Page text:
Quick hits entering free agency

March, 13, 2012
3/13/12
1:50
PM ET
Love the free-agent buzz, and here are some nuggets picked up along the trail today:

1. I'm expecting the team to at least have one of their own free agents agreeing to terms by the start of free agency, and I wouldn't be surprised if it's special teams captain Matthew Slater. He's an important re-signing for them. Top NFL special teams players can command anywhere from $1.5-$3 million per season and Slater was a Pro Bowler last year.

2. Don't be surprised if the Patriots make an early play for a tight end in free agency. The benefits would be multiple -- adding important depth behind Rob Gronkowski and Aaron Hernandez, while also providing the flexibility to move Hernandez to receiver. Hernandez played 77 percent of the snaps in 2011, and I'd estimate that 65 percent of them came away from the line of scrimmage. So it's almost like he's a receiver anyway. Keep an eye on Broncos tight end Daniel Fells, who as noted here, the Patriots had in for a visit in 2010. Furthermore, the tight end class in the draft is not considered deep, so addressing it in free agency makes sense and Fells is the type of moderate cost option that could be appealing to New England.

3. After reading tweets from Ian Rapoport and Shalise Manza-Young this morning about Seahawks defensive lineman Red Bryant and Patriots interest in him, some market research ensued. If the Patriots prepare to fish in those free-agent waters, the market projects to be in the $6 million per year range for Bryant. That's closer to Vince Wilfork territory ($8 million per season). This leads to the question: Would the Patriots be interested at that rich price? Another reminder, from this perspective, why the best approach is drafting and developing linemen because once those big guys hit free agency they often have a rich market. Another thing to consider: Seahawks coach Pete Carroll created a specific role for Bryant (5 technique in the 4-3 defense), and Bryant thrived in it. Bryant hadn't emerged before that switch, so interested suitors must project his best fit. The Patriots have played similar concepts, so it's probably not as big of a deal to them.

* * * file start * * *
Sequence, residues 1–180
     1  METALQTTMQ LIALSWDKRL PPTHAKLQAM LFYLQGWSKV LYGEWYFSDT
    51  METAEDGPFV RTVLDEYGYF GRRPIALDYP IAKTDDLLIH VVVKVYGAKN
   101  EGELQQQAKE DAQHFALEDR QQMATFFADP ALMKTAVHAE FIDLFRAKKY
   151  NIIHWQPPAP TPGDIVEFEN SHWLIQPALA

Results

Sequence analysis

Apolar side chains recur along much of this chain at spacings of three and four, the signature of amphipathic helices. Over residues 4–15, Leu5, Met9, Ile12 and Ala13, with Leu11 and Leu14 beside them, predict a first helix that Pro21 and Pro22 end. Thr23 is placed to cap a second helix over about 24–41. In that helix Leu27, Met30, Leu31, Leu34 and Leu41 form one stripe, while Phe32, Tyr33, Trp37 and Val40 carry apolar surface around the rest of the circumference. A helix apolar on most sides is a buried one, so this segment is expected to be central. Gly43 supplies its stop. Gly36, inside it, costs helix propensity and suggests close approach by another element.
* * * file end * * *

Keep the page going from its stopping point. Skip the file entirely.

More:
Mike Reiss

ESPN New England Patriots reporter

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